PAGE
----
While I have tried to present most of the disorders in bones and joints in my book on orthopedic disorders, it must be remembered that there are many less known and infrequently encountered. In the case of the spinal column, for example, there are also such aberrations as failure of sacral vertebrae to fuse, sometimes referred to as lumbarization of the first sacral segment. This can be considered as a variant of TVS, though slightly different than what we are used to.
Osteochondrosis of the sacrum is found on the cranial end plate of the sacrum, on the lumbar side, is similar in appearance to osteochondrosis in joints, and superficially resembles avulsion fractures.
Is it wise to use a CES dog in breeding? Unless there is associated HD and osteoarthritis starting to be evident in the hip joint (rim, femoral neck, pectineal eminences, etc.), or there are several in your dog’s family that have the syndrome, or the signs are severe enough to cause real discomfort and interfere with breeding, some people tell us not to worry about it. They say that you can look instead to whether the dog has enough other qualities to keep him in the gene pool. I believed that for a while, but then when I saw the increase in number of cases reported, I decided we should not be that complacent. Kitty Porter of Duke University had a CES dog, and preferred to think of TVS as not “pathological” (by which she meant serious and inherited). Perhaps we need to reevaluate our preferences from time to time.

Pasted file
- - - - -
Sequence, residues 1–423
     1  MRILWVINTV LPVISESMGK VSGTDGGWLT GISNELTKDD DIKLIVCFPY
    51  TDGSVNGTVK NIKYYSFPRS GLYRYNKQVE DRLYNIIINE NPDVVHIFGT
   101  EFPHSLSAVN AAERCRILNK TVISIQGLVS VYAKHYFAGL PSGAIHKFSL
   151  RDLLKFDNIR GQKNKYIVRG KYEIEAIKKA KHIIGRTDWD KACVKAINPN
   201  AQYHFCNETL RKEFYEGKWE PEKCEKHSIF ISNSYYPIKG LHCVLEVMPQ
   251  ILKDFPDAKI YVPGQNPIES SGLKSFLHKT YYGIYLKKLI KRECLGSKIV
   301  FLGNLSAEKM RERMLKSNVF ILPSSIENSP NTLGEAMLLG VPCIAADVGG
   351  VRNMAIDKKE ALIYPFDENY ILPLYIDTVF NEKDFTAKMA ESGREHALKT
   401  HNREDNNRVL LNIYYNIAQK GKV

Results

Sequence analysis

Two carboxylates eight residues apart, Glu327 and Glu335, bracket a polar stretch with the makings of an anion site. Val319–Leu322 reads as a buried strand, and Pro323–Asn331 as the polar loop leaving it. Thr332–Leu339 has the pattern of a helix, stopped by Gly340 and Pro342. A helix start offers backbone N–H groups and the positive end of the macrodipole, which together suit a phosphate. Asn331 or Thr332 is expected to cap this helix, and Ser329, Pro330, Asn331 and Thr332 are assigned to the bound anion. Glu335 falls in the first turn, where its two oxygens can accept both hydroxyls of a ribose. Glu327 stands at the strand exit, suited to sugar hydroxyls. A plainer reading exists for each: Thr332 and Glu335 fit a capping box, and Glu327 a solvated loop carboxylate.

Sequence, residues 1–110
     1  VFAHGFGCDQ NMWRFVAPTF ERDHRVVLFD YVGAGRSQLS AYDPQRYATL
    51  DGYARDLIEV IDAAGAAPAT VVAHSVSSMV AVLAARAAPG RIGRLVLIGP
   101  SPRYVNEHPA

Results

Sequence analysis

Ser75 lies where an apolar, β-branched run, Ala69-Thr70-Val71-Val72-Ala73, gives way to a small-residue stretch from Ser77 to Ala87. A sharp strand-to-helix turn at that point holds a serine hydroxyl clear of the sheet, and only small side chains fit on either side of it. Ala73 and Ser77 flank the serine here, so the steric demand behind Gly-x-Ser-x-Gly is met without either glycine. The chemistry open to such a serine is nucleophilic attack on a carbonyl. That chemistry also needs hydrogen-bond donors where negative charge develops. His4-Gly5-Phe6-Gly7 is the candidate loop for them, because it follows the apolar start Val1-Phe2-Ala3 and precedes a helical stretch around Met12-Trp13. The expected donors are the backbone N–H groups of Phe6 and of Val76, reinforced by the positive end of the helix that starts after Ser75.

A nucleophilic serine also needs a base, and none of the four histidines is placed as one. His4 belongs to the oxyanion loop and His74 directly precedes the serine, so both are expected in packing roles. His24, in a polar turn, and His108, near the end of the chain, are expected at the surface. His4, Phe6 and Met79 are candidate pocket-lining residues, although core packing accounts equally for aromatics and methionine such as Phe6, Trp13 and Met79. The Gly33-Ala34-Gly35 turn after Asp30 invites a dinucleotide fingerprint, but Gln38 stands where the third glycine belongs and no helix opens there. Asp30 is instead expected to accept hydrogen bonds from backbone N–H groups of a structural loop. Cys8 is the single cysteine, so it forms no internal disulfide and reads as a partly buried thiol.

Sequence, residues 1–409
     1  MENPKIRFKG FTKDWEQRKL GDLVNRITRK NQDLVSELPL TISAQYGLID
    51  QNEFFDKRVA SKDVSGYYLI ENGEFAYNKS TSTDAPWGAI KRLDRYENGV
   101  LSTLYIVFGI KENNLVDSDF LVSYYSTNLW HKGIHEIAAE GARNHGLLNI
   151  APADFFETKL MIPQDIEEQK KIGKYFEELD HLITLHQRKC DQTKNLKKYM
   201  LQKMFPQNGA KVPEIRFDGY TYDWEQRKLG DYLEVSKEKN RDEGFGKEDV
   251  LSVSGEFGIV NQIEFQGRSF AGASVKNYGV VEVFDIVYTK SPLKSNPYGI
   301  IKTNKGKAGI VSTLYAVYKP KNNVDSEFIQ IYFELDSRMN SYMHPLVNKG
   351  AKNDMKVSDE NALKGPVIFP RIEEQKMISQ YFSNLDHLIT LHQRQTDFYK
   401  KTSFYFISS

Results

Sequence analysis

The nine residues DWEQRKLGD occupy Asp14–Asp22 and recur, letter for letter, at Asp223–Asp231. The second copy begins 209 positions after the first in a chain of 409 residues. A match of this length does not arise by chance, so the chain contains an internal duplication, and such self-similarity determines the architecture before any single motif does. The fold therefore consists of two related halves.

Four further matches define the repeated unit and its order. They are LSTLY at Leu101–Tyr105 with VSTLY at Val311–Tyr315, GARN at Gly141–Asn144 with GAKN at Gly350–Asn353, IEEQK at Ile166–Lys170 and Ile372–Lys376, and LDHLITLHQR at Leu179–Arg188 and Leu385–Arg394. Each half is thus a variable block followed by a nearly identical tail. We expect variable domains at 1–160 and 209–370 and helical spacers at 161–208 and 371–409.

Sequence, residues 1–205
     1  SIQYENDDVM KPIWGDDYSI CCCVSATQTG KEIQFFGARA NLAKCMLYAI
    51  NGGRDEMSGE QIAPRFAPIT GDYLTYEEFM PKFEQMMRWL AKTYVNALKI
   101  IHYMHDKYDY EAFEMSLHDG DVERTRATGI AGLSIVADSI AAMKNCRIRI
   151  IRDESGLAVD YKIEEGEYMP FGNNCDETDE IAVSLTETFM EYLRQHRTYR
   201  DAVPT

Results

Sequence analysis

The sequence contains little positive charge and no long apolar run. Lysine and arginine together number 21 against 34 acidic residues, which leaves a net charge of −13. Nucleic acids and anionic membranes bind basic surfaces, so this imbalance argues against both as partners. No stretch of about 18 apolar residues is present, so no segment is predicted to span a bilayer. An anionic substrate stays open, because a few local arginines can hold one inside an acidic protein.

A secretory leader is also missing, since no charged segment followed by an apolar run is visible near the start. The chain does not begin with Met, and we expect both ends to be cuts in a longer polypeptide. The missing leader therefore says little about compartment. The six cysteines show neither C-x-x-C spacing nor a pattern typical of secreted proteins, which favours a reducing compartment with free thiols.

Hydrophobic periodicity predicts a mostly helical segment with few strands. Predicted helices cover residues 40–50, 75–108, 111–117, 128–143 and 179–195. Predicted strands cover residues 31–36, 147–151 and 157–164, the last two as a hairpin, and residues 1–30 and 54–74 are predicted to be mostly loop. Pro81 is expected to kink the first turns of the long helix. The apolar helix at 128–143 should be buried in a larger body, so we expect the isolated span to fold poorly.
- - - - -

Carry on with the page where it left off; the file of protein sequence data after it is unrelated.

CES might not be the worst problem in your breed, but still, it is not wise to perpetuate the sort of weakness that allows defects such as CES to be perpetuated, however minor the ailment may seem at first. There are enough dogs that have had to be euthanized for us to take this disorder seriously and assume genetic components to exist. Transitional lumbo-sacral vertebra (TLSV) was found in 38% of German Shepherd Dogs diagnosed with cauda equina syndrome. Is there a biochemical-genetic connection, or are such dogs selected for by sloppy breeding practices in general? For a long time, it was generally thought that these abnormal vertebral segments and attachments did not cause pain and therefore had little clinical or breeding significance throughout a dog’s lifetime. Currently, the feeling is that such lesions at the lumbosacral junction predispose the dog to further weakness, instability, excessive motion around that disc, creation of cauda equina syndrome, and possibly a worsening of hip joint laxity or instability.